On a visit to a brick kiln in Solapur in India, our team found two donkeys in need of urgent veterinary care for bite wounds. After treating injuries to their forelegs and backs, the team gave the donkeys vaccines as well as antibiotics to prevent infection. The donkeys had been quite difficult to catch, so while they were there, the team also took the opportunity to talk to the three children looking after them about donkey behaviour and handling.
Hello, my name is Shelley and I am the Veterinary Department Clerical Officer. I have worked at the Sanctuary for 7 years and still love cuddling the donkeys on my way in every day. Not many places can boast that before you start work!
The hospital is a very busy place and we have a team of 7 vets, 5 vet nurses, 2 equine dental technicians and 2 grooms... this creates a lot of work for us in the office.
This month’s blog comes from Alex, one of the clinical team of vets.
One of the things The Donkey Sanctuary is keen to promote is education about looking after donkeys at all levels from owners, farriers, equine dentists, vet students and vets in practice. So a lot of our time here in the vet department is taken up with organising and doing all this training.
We are Lee and Gemma, two full-time, qualified Equine Dental Technicians based here at the Sanctuary. We visit each of our farms in Devon and Dorset performing routine dental treatments and also hold twice weekly clinics at our hospital facility for more advanced cases requiring veterinary input.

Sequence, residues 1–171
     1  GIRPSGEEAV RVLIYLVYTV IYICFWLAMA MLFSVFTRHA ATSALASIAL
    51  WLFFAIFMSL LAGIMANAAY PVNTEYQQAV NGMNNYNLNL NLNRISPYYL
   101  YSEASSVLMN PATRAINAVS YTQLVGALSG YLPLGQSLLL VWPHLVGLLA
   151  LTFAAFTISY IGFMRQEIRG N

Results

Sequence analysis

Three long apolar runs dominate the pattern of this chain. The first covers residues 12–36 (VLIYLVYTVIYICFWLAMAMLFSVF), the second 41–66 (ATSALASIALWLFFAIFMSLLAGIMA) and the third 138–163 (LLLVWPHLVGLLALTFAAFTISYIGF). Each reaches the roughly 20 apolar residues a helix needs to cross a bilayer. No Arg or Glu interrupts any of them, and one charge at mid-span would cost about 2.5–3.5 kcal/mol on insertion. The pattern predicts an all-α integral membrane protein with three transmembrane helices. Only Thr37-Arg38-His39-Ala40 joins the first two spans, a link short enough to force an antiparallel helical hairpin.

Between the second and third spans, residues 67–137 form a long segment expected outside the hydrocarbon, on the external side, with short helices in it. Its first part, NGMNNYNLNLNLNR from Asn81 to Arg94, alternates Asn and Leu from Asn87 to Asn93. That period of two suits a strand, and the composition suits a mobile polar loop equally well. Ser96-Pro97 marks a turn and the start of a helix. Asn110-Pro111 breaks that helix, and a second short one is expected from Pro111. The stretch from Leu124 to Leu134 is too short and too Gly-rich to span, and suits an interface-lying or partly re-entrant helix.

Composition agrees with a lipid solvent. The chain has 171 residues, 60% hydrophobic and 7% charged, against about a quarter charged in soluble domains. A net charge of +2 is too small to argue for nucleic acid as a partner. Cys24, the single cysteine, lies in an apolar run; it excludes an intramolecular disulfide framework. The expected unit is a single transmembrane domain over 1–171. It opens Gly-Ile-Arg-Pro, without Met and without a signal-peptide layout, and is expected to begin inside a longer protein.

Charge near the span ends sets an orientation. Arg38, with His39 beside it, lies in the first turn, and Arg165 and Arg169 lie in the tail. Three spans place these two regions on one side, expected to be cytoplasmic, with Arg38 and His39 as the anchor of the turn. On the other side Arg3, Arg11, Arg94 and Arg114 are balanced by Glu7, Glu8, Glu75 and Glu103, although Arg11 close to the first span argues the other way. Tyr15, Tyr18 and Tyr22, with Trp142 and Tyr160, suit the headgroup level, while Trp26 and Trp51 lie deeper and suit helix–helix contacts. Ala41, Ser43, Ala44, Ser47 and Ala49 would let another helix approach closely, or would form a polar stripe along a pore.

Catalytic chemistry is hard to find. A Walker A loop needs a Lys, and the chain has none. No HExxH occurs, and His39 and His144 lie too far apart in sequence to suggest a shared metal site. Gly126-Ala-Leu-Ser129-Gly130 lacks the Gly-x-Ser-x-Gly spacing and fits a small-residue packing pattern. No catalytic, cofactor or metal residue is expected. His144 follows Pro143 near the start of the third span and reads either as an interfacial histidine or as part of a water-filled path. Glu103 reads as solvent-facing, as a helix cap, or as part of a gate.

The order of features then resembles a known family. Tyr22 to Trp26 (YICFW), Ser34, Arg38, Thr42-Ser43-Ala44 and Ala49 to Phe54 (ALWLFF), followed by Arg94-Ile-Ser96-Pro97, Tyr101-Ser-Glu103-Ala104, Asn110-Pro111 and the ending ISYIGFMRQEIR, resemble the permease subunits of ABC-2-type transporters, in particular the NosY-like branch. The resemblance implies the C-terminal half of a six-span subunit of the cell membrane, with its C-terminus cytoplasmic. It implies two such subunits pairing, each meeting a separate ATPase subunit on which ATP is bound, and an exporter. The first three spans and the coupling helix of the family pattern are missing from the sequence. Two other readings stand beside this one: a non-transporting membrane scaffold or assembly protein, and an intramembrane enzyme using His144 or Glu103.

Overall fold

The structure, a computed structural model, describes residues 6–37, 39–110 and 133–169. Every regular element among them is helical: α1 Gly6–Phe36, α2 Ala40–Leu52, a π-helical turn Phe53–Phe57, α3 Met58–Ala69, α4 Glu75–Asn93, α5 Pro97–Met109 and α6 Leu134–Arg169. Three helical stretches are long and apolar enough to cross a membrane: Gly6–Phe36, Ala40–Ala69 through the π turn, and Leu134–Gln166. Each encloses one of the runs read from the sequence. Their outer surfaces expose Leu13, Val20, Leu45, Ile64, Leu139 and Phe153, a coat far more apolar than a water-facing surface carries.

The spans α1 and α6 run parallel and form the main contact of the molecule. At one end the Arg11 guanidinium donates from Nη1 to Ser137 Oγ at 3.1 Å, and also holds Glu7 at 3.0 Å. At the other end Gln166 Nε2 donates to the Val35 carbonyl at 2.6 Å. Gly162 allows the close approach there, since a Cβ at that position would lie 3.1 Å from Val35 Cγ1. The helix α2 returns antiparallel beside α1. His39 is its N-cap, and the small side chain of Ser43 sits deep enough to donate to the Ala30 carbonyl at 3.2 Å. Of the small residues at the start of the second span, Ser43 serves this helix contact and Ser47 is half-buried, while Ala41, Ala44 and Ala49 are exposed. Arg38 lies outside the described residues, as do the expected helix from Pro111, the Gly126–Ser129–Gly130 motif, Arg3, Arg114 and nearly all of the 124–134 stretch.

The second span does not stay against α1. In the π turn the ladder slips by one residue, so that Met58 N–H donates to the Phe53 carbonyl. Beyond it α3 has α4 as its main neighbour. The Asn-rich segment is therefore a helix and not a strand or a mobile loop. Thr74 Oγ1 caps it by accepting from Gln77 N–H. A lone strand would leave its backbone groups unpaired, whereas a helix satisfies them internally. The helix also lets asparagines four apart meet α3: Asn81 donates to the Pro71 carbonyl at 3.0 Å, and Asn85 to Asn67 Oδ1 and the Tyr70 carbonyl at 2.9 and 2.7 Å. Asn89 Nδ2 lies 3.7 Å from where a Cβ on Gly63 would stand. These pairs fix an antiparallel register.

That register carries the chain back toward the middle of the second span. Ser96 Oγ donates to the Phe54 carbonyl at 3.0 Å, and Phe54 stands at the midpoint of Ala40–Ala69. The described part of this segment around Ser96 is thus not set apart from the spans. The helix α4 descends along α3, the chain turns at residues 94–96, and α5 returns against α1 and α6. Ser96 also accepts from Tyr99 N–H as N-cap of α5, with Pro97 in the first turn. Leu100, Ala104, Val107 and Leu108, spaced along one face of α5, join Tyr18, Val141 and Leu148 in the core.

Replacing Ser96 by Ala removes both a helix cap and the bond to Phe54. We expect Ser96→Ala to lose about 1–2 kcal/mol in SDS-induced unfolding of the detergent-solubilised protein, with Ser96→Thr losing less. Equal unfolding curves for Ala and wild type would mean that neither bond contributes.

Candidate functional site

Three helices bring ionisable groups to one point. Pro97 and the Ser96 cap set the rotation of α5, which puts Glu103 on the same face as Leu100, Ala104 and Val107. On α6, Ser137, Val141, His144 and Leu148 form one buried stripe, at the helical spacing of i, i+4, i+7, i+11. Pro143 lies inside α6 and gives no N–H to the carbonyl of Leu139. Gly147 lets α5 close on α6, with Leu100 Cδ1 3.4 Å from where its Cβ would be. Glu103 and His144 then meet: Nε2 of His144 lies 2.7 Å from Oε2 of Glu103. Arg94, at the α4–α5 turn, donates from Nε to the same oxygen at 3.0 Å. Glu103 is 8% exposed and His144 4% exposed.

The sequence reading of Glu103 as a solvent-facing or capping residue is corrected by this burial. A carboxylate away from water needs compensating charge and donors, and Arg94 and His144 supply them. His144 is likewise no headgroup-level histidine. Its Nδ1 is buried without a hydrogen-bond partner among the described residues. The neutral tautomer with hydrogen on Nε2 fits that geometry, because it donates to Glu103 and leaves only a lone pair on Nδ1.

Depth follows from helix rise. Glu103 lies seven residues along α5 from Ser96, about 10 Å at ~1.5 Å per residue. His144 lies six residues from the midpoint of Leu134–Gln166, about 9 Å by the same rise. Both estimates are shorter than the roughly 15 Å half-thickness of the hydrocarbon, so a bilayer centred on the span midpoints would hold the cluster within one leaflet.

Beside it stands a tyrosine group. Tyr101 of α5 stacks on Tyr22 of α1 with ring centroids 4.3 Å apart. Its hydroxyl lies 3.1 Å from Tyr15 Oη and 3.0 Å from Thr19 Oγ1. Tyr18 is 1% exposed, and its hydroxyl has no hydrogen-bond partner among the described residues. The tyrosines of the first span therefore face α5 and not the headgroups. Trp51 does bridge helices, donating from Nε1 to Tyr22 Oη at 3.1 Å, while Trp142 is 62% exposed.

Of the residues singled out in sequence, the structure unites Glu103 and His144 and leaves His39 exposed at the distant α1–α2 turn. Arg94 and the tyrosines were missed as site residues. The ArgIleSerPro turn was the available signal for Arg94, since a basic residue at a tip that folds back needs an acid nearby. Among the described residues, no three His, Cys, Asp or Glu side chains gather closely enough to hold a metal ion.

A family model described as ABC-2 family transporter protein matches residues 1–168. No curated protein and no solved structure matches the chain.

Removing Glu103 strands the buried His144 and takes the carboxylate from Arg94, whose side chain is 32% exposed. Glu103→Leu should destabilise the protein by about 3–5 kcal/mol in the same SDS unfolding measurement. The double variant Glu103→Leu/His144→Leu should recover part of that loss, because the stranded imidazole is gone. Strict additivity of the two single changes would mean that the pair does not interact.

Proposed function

The second most common veterinary medical problem encountered by the donkey is dental disease. Every year, donkeys in the UK are euthanased through neglect to their oral health having first endured the chronic, widespread effects of severe oral disorders.
Sarcoids are a type of skin tumour found in up to 12% of equids. All equids can suffer from sarcoids including donkeys, mules, horses, ponies and even zebra. Sarcoids can be very serious in some cases and when sarcoids are particularly aggressive or do not respond to treatment they can lead to the euthanasia of affected donkeys. This sad fact became very personal to me early in my career at The Donkey Sanctuary when I was involved in one of our first projects to understand these devastating tumours.